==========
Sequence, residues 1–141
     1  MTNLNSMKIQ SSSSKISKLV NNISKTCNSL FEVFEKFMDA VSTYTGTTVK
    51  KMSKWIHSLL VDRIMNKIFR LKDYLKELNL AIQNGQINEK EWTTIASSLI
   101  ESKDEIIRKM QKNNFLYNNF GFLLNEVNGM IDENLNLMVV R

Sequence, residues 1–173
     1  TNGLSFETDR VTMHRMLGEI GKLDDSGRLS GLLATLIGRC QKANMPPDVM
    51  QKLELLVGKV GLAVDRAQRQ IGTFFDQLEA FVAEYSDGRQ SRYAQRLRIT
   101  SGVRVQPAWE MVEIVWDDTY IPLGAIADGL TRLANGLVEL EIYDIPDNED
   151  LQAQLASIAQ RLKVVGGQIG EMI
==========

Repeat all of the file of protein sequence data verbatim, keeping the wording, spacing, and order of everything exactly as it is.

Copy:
Sequence, residues 1–141
     1  MTNLNSMKIQ SSSSKISKLV NNISKTCNSL FEVFEKFMDA VSTYTGTTVK
    51  KMSKWIHSLL VDRIMNKIFR LKDYLKELNL AIQNGQINEK EWTTIASSLI
   101  ESKDEIIRKM QKNNFLYNNF GFLLNEVNGM IDENLNLMVV R

Sequence, residues 1–173
     1  TNGLSFETDR VTMHRMLGEI GKLDDSGRLS GLLATLIGRC QKANMPPDVM
    51  QKLELLVGKV GLAVDRAQRQ IGTFFDQLEA FVAEYSDGRQ SRYAQRLRIT
   101  SGVRVQPAWE MVEIVWDDTY IPLGAIADGL TRLANGLVEL EIYDIPDNED
   151  LQAQLASIAQ RLKVVGGQIG EMI